These days creating a curated closet is the center of Vogue. However, without a fashion strategy (the cornerstone of curation), creating a beautiful curated closet will be difficult. Even worse, you may become vulnerable to purchasing clothing on a whim, creating the classic conundrum of too many clothes in your closet and nothing to wear!
Here are four great takeaways on how to create a clothing strategy for you, and begin your journey toward your own carefully curated closet.
A couple of years ago, author and psychologist Anuschka Rees wrote a fascinating book entitled, “The Curated Closet”. In her book, Ms. Rees provides some great tips on how to create a smarter closet. Here are four great takeaways from her book on how to create a clothing strategy for you, and begin your journey toward your own carefully curated closet.
The concept surrounding sales and discounts is simple and can be traced back as far as ancient Greece. You have an item to sell, you reduce the price, and the buyer is enticed to purchase the item while also believing they can buy more for less. We all love to buy sale items because they seem like a good deal. However, what typically happens is we usually settle for something we don’t really want. Actually, garments made from the best quality material, and in the most universal styles rarely go on sale. So, if you want to create a curated closet it might be a good idea to avoid the sales. You may go in looking for a black cocktail dress and come out with six spaghetti-strapped blouses.
Understanding how your individuality and style are reflected in the color clothes you wear is critical when creating a curated closet. You need to understand accent colors versus neutral colors, and basic pieces versus accent pieces. Start by figuring out what colors you like and for what types of garments. Like you know yellow pants look great on you, but yellow blouses make your complexion look pale. Believe it or not, this will provide you a lifetime of simplicity and clarity. By being confident of your own personal style, you will rarely be sucked into fashion trends or discounted garments. Become the leader of your own fashion trends, and focus your wardrobe around those trends.
We are drowning in cheap clothing, and closets across the country are flooded with inexpensive clothes. By buying inexpensive clothing items, you will actually be committing two common mistakes: you will clutter your closet with unwanted, and short-lived items, and you will actually be paying more money for your wardrobe. Inexpensive clothing will wear out faster, and lose its shape faster than higher quality items. Recently, fashion designer Elizabeth Cline noted that the national average people spend roughly $1,100 per year on clothing. She said most people would be much better off (both economically and stylistically) if instead of buying another pair of jeans when they already own 10, to invest that money in something that they’ve never owned. The key is to pay attention to quality. Look for natural fibers such as cottons and wools, and avoid synthetic fibers. Also take a close look at the stitching and the overall construction of the garments you buy. Start looking at the details, and soon you will learn to become a savvy clothes shopper, which will help you save money and stock your closet with quality clothing.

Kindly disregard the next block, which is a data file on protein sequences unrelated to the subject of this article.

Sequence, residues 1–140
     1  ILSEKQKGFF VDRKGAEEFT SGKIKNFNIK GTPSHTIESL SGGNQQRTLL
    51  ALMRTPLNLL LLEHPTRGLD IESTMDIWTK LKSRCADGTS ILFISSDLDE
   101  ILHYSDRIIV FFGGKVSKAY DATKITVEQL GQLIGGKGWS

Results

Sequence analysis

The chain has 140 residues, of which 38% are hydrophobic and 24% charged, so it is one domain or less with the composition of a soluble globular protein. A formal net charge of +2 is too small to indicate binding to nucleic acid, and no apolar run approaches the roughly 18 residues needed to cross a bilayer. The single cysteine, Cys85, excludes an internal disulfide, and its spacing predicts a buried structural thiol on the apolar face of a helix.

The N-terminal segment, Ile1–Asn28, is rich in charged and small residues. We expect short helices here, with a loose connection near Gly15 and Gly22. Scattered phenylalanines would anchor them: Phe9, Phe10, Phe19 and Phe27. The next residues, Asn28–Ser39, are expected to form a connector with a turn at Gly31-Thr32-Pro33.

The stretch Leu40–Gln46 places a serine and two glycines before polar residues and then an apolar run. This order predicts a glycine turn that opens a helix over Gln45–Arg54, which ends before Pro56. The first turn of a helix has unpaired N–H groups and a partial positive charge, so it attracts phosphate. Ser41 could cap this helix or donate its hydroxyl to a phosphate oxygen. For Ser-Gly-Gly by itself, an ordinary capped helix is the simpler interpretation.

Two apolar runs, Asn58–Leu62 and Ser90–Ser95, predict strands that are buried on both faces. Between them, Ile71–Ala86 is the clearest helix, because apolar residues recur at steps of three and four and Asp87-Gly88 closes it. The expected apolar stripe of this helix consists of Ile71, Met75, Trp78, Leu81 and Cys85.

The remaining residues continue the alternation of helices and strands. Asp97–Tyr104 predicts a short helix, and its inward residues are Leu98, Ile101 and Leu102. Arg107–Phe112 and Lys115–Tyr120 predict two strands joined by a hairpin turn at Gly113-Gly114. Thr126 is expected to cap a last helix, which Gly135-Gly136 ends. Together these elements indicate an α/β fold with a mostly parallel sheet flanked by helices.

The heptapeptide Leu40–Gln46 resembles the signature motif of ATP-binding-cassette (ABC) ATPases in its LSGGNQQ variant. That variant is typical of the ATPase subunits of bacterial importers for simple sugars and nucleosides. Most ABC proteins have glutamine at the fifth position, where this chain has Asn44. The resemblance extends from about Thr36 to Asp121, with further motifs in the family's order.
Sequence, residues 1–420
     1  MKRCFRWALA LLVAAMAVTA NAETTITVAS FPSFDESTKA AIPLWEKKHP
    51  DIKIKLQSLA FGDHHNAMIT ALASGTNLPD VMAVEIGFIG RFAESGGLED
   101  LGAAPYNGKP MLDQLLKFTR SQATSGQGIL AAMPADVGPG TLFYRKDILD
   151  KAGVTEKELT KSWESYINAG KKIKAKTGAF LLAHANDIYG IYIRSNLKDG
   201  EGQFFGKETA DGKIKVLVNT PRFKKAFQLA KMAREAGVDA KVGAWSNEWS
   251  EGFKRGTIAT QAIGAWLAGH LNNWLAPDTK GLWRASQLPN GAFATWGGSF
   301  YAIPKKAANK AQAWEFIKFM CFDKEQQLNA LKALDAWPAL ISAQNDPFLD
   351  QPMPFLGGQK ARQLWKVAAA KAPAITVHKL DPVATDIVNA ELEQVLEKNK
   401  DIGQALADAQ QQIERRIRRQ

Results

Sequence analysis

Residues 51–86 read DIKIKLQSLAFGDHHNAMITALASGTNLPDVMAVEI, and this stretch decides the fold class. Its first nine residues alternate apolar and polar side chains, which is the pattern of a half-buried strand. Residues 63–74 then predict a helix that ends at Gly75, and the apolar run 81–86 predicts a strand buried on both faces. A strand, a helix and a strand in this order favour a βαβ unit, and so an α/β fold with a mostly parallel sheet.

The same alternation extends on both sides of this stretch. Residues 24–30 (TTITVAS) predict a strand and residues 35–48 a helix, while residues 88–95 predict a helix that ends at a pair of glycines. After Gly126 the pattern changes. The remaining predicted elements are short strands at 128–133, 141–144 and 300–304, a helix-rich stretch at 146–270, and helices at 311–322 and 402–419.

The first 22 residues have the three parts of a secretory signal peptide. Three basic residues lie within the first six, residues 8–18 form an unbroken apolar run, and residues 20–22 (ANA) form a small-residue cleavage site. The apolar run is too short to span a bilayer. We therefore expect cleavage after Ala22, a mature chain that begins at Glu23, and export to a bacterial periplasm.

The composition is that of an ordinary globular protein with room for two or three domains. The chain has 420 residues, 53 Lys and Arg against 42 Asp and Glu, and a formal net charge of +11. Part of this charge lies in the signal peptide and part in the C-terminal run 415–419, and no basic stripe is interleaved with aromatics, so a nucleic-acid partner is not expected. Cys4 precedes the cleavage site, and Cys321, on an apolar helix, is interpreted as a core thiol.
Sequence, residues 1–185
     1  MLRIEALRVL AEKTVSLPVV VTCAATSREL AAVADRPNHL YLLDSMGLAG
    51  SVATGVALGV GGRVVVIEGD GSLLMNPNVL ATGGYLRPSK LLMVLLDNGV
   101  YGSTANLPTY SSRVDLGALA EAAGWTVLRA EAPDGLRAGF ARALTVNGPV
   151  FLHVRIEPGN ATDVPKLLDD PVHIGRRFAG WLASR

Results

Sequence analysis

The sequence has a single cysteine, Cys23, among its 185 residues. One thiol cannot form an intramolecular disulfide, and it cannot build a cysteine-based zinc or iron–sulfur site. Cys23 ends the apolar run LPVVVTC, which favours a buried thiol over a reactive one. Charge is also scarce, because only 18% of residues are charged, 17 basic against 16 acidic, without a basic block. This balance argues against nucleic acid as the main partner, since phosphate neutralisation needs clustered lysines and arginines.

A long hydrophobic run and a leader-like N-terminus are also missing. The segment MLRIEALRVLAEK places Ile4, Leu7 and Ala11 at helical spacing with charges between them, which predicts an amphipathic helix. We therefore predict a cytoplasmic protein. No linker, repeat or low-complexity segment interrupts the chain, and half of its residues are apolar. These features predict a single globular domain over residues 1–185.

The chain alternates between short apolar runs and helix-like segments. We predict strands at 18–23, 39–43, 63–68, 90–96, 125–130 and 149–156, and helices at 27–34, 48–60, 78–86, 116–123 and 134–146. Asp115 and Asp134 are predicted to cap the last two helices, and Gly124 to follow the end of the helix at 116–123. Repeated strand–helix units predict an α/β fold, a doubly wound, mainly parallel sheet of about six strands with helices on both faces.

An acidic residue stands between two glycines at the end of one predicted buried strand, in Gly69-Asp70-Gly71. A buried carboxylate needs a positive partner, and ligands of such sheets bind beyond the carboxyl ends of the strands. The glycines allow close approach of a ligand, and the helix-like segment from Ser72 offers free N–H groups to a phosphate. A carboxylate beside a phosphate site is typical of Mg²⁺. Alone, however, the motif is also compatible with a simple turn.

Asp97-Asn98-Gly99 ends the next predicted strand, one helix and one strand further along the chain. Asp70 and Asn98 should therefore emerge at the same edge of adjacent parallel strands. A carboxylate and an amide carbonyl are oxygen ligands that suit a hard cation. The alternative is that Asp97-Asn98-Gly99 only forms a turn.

We’ve heard it before: less is more. But what does that mean when it refers to your closet? Well, it really means getting your wardrobe down to the most basic combinations that can be reinvented over years. Clutter is stressful, and actually effects the quality of our lives. Start by
Imagining your closet is a store. Select only the clothing items that appeal to you. Choose the garments that really speak to you. It’s not about how much you have worn the item. The question is, do you like it? Do you love it enough that you would buy it again? Price is not an issue. The object is to focus on what is desirable by eliminating the noise and clutter. Now, look at your selected pieces. Which ones would you rebuy? Most likely, you will begin to see your wardrobe with a new set of eyes, and begin to think like a curator instead of a consumer.
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